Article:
They did an amazing job bringing this to Blur ray! Worth adding to your BR collection! My only nit pick about BR releases is lack of added content, like deleted scenes and the little extra us movie nuts love! Gag reels and deleted scenes make for a complete disk! On and Inserts would be nice!
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Format: Blu-ray
Ellie Arroway (Jodie Foster), appropriate last name, is a scientist seeking the fringes of space to find if we are alone. Mean time she has to overcome terrestrial impediments as Dr. David Drumlin (Tom Skerritt) a limelight-steeling pragmatist, and Palmer Joss (Matthew McConaughey) the religious antagonist. Supported by the mysterious multi-billionaire S.R. Hadden (John Hurt), will Ellie get her wish or is she a victim of Occam's razor.

Intriguing story based on a book by Carl Sagan; however, I never read the book to compare. The supposedly two-sided story that becomes two versions of the same argument is rather hokey and one-dimensional.

Occam's (or Ockham's) razor is a principle attributed to the 14th century logician and Franciscan friar William of Ockham. Ockham was the village in the English county of Surrey where he was born.
The principle states "Entities should not be multiplied unnecessarily."

I have followed the film from the movies to Blu-ray and will probably watch it again when the re-master for 3D or whatever comes next. However, the basic acting has not changed with any technical innovation.

On the positive side, the Blu-ray edition is packed with DVD extras that include several commentaries, trailers and much more. After the commentaries, SETI yourself down and re-watch the movie.

Contact by Carl Sagan
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Format: DVD
this movie pleasantly surprised me.i had put off seeing it for
years,mainly for 2 reasons.the first reason is that the movie looked
like it would be 1 long bore.the 2nd reason is Jodie Foster.i have
never been a fan of her.something about her just rubs me the wrong
way.however,tonite the movie was on 1 of the movie channels,and i
thought,what the heck.i'll give It a shot.i figured i'd watch for a
short time,then become bored and do something else.that was not to be
the case.yes,the movie is long,clocking in at almost exactly 2 and a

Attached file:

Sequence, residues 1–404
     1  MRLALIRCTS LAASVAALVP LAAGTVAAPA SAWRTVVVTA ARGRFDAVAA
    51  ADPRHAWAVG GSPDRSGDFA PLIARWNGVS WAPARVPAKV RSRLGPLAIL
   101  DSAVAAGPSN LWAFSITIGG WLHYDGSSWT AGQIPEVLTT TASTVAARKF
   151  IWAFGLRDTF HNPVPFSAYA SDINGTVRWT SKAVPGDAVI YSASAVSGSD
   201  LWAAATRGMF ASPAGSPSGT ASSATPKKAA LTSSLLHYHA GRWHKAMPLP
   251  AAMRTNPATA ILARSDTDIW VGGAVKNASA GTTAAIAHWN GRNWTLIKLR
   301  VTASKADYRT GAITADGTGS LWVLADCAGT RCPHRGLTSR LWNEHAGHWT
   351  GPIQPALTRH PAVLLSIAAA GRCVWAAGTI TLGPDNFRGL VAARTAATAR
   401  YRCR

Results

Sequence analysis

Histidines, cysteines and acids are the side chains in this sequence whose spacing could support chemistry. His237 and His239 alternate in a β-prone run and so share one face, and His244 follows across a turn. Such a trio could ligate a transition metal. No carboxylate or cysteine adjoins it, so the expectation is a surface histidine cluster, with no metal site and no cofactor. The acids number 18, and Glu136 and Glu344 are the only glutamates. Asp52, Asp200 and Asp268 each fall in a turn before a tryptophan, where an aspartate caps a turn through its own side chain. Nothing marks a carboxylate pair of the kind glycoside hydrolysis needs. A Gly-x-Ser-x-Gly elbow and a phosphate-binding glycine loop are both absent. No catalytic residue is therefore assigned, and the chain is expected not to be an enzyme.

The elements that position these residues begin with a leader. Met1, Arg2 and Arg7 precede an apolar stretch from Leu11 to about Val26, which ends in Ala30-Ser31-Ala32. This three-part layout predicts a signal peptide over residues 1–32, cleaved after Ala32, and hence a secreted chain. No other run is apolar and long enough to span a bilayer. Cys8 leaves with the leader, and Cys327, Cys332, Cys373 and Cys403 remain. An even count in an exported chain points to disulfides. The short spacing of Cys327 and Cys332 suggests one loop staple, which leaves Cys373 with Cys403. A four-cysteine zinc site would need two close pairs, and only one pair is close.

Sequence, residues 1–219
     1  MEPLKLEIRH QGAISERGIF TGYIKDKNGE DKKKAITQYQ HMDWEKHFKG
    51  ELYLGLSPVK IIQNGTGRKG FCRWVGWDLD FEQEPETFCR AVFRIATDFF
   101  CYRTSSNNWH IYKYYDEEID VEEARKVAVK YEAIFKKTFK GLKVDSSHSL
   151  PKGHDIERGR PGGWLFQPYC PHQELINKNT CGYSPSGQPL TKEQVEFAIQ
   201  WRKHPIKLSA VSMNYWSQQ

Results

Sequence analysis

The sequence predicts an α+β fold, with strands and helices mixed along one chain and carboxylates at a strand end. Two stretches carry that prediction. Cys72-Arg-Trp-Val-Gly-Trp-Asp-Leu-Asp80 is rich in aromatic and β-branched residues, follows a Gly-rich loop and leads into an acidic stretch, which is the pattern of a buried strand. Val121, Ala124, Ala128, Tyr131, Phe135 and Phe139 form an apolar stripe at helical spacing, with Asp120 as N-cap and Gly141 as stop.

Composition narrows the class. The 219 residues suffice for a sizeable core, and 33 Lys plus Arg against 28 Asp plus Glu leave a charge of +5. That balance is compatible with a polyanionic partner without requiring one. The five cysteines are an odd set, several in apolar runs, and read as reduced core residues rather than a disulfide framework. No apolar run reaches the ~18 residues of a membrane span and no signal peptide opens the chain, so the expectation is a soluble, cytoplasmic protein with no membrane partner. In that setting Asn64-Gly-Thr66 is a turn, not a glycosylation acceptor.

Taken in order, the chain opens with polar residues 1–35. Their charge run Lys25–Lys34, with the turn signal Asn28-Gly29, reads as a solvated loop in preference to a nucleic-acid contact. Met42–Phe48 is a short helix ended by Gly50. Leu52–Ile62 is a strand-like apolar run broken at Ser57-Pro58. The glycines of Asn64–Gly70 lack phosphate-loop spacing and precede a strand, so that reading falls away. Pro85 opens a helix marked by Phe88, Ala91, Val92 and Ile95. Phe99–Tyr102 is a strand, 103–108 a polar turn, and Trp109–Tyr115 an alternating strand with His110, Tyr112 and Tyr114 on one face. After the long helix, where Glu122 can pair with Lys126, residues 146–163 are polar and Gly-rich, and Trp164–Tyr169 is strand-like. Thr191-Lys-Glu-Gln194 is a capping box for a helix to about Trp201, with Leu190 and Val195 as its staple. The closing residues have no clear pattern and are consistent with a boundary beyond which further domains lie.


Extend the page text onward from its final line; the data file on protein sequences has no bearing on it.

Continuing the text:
half hours.but it doesn't feel like a 2 and a half hour movie.i thought
the time went by rather quickly,and considering the subject matter,you
wouldn't think that would be the case.the movie has a lot of dialogue
and passive action,for the most part.a drama,more than anything.but the
filmmakers made it interesting,and even compelling at times.the visual
effects were very well done.the film has a beautiful look to it in many
scenes.Jodie Foster did a good job in this movie,and i didn't find her
annoying at all.i think she really brought some heart and soul,some
passion to her character.i also liked the use of irony in a scene
towards the end of the's nice to be pleasantly surprised once
in awhile.for me "Contact" is a 4.3/5
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Format: DVD
When you see a film made by Robert Zemeckis, you can be sure that you are going to find three things in such movie:
1).- THE MOVIE HAS OUSTANDING TECHNICAL LEVEL: "Contact" has excellent visual effects, the worm holes seem very realistic, when Jodie Foster travels to another "planet", the scene looks spectacular. The photography in "Contact" is very detailed. The shots that show the outer space and the natural beauties surrounding the research centers are proof of the high technical level of the team behind "Contact". The use of footage of popular characters (like Bill Clinton) look as real or even more real that the scenes in "Forrest Gump" (same technical team behind "Contact", but with more experience and more technology than where they did "Forrest Gump" in 1994). By the way, the music is also perfect for this film, the composer was Alan Silvestri.
2).- THE MOVIE HAS AN INTERESTING CAST: in "Contact", we can find popular actors like Jodie Foster, James Woods, John Hurt, Tom Skerritt, Rob Lowe and Matthew McConaughey.
3).- THE MOVIE WILL BE INTERESTING, PERHAPS WILL BE FASCINATING: and "Contact" isn't the exception to this rule. The human beings are always interested in the study of other planets and solar systems, and we are always wandering if there is life in other place besides the Earth.
Robert Zemeckis is a director capable of tell a story in his movies, he has a lot of tricks and resources, he is very creative and he is always surrounded by the right people in every movie that he makes. Another interesting movies filmed by Robert Zemeckis are: "Forrest Gump", "Back To The Future", "Cast Away" and "Who Framed Roger Rabbit?".